By Guillermo Rojas y Victoria Lis Marino | Acapulco, Mx
Base jumping is a high risk sport that consists on jumping from fixed elements, cliffs, bridges and buildings. In is probably one of the most dangerous sports in the world, practiced only by a few who dare challenge death. Mexico has over 120 million inhabitants and only five jumpers. La Semana was lucky to meet one of them, Johnny Saavedra, who still jumps at the age of 61.
“I have been jumping from planes for the last 43 years,” Johnny said with pride, “33 from fixed objects and during that time I only had three accidents, which is few in comparison to the amount of experience.”
The world of the jumpers is small, they all know each other, because, like Johnny says: “There are not many out there who want to jump from buildings. Some try, but then realize that it is a very expensive sport and that there is a tremendous risk to take into consideration, one that includes you and your family. It is not for everyone.”
Jumping is for the self, and unlike what most of us might think, base jumping professionals do not seek glory with each jump, they do not want publicity or to be a part of the Guinness records. Instead they do it to get a vision of the world that is only theirs to own, one that lasts but a few seconds and is breathtaking.
“This is a sport for yourself, you don’t do it to show off, you do it when nobody is paying attention,” Johnny said.
At the Acapulco bay, before abandoning the cliffs, the jumpers see something captivating, and know they are the only ones that can fly over the city and have a unique postcard in their minds.
“Only those who dare try know what it feels like,” stated the jumper.
Base jumping offered Johnny the opportunity of travelling to more than 30 countries, where he created strong friendships and unforgettable memories. Jumping has become a lifestyle, one that has given him a lot of lives in one: he has participated in movies and tried to be a movie star, he shot prestigious documentaries, made audacious commercials and had the chance to perform for kings and presidents.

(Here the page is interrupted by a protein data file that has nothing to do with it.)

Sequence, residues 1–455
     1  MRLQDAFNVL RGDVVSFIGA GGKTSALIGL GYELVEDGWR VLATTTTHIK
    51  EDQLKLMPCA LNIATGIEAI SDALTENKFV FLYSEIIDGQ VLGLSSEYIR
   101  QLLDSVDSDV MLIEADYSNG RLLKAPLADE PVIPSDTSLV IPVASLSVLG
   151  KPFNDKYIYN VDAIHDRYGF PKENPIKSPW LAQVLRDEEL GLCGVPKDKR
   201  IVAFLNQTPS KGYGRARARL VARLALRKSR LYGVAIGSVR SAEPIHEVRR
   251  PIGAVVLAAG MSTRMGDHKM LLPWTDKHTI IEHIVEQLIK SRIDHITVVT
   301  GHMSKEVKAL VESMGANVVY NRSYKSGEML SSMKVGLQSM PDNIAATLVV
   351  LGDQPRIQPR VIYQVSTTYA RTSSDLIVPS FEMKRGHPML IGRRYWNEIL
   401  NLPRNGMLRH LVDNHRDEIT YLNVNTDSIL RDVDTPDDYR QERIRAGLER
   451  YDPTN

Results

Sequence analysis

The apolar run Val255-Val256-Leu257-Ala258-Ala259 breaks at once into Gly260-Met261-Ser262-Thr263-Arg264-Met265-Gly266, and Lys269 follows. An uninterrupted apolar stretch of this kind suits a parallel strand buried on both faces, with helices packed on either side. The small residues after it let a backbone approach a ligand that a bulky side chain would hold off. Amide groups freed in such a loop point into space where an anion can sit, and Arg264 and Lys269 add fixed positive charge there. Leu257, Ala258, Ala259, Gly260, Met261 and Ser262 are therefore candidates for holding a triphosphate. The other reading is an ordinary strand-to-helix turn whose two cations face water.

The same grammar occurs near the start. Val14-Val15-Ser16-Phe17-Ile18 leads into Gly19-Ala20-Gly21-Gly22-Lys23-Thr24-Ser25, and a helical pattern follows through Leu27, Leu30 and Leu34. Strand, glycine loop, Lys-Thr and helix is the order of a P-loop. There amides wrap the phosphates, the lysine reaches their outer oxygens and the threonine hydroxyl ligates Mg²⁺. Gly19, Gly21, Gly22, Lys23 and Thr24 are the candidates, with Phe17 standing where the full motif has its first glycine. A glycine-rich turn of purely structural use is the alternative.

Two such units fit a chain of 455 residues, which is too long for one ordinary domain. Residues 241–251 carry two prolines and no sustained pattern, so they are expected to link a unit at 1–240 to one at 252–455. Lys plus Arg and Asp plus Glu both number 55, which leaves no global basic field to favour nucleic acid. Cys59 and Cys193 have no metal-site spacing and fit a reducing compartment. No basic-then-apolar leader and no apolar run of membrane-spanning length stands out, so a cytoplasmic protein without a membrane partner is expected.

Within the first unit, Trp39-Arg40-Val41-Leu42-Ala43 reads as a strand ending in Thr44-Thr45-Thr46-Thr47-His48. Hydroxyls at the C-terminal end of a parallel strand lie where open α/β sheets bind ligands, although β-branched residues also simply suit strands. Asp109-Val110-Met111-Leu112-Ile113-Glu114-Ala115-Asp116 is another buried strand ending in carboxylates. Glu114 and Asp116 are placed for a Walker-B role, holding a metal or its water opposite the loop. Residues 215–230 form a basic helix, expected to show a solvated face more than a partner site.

“Without all of this my life would have lacked sense,” he mused.
Base jumping requires unique physical and mental techniques, but it also insists on strong logistical support to organize contingency plans for a possible catastrophe. Johnny is the father of four children and is very much aware of the responsibility behind each of his jumps, yet he doesn’t fear death because, in his words, “Life is a sigh that goes away without even noticing, which is why you need to live it as intensely as possible.”
Before jumping Johnny says to his wife “see you later,” thinking about positive things, about what he still wants to do.
“I’d rather die out there than in my bed,” he says confidently.
“This sport only lasts a few seconds, but for me those seconds are a lifetime, I have a deep sensation of pleasure, of satisfaction,” said one of the best 25 jumpers in the world.
Johnny loves jumping despite all of its risks, which he knows firsthand. Eight years ago, he crashed on a mountain and fractured both his legs, some ribs and even his skull. He hung for more than three hours from a cliff in Monterrey, almost bleeding to death when it was more than 39 degrees Celsius, before he was rescued by a helicopter. When he reached the hospital he suffered a heart attack and died for a few seconds, but that near-death experience, made him want to jump even more.
“At that moment I had my eyes closed, but I was completely aware of myself,” he recalled. “Suddenly I felt no pain and a white curtain opened in front of my eyes. There I felt joy, I felt peaceful, I cant describe the feeling… I wasn’t scared, and nothing stopped me, I had reached my destination.”
Johnny, added that he believes his body turned into pure energy, a part of something bigger. When he woke up after several seconds and the use of a defibrillator he screamed to the doctor, “Why, why did you bring me back?”Johnny had realized then that life hurts too much.
Even if he almost died practicing base jumping, Johnny believes that his life, the stories he can tell, his memories and his freedom are what counts and what make him keep on jumping. That is why he advises all those amateur sportsmen out there to make a living out of their real passions and pleasures.
“Don’t follow false mirages, do what you have to do for the real reasons, forget about vanity, courage or pride, be authentic.” (La Semana)